Multiple other aspects of CRC screening could benefit from financial investments. First, we need to ensure that CRC screening, whether through FIT, colonoscopy, or another recommended modality, is high quality. For example, timely completion of colonoscopy to evaluate an abnormal noncolonoscopic screening test would reduce CRC-associated mortality. Unfortunately, adherence to follow-up procedures is highly variable, ranging from 30% to 82%.6 Second, we need to address persistent race/ethnicity– and socioeconomically based disparities in CRC mortality as a result of inadequate screening. Third, we need to couple our efforts to minimize the underutilization of CRC screening with strategies to address the potential harms from overutilization (eg, screening those who are too frail to benefit).

The study by Facciorusso et al2 suggests that it is time we stop giving small financial incentives to individuals for questionable short-term benefits and to begin investing in practices that remove known patient, clinician, health system, and policy barriers to screening. As the saying goes, “money isn’t everything,” but in CRC screening, investing in evidence-based strategies could be everything for those who are affected by this all too common but highly preventable disease.

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Article Information

Published: August 25, 2021. doi:10.1001/jamanetworkopen.2021.22661

Open Access: This is an open access article distributed under the terms of the CC-BY License. © 2021 Issaka RB et al. JAMA Network Open.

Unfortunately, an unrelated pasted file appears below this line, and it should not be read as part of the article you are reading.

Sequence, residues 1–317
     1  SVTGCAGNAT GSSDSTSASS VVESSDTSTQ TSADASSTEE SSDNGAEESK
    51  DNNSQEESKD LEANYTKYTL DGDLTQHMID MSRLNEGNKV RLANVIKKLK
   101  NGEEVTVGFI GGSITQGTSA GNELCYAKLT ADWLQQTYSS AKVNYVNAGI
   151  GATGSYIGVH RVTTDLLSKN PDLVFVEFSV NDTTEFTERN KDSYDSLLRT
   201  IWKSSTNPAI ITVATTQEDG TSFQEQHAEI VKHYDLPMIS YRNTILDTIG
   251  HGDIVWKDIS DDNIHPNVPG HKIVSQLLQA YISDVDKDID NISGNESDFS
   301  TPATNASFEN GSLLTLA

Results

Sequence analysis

Corresponding Author: Jason A. Dominitz, MD, MHS, National Gastroenterology and Hepatology Program, Veterans Health Administration, 111-S-Gastro, VA Puget Sound Health Care System, 1660 S Columbian Way, Seattle, WA 98108 (jason.dominitz@va.gov).

Conflict of Interest Disclosures: Dr Issaka reported receiving grants from the National Cancer Institute of the National Institutes of Health outside of the submitted work. No other disclosures were reported.

Disclaimer: The views expressed herein are those of the authors and do not reflect the official policy or position of the National Institutes of Health, the US Department of Veterans Affairs, or the US government.

References
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Facciorusso  A, Demb  J, Mohan  BP, Gupta  S, Singh  S.  Addition of financial incentives to mailed outreach for promoting colorectal cancer screening: a systematic review and meta-analysis.   JAMA Netw Open. 2021;4(8):e2122581. doi:10.1001/jamanetworkopen.2021.22581Google Scholar
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Pauly  MV, Held  PJ.  Benign moral hazard and the cost-effectiveness analysis of insurance coverage.   J Health Econ. 1990;9(4):447-461. doi:10.1016/0167-6296(90)90005-N PubMedGoogle ScholarCrossref
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Gneezy  U, Meier  S, Rey-Biel  P.  When and why incentives (don't) work to modify behavior.   J Econ Perspect. 2011;25:191-210. doi:10.1257/jep.25.4.191 Google ScholarCrossref
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Issaka  RB, Avila  P, Whitaker  E, Bent  S, Somsouk  M.  Population health interventions to improve colorectal cancer screening by fecal immunochemical tests: a systematic review.   Prev Med. 2019;118:113-121. doi:10.1016/j.ypmed.2018.10.021 PubMedGoogle ScholarCrossref
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Gupta  S, Coronado  GD, Argenbright  K,  et al.  Mailed fecal immunochemical test outreach for colorectal cancer screening: summary of a Centers for Disease Control and Prevention-sponsored Summit.   CA Cancer J Clin. 2020;70(4):283-298. doi:10.3322/caac.21615PubMedGoogle ScholarCrossref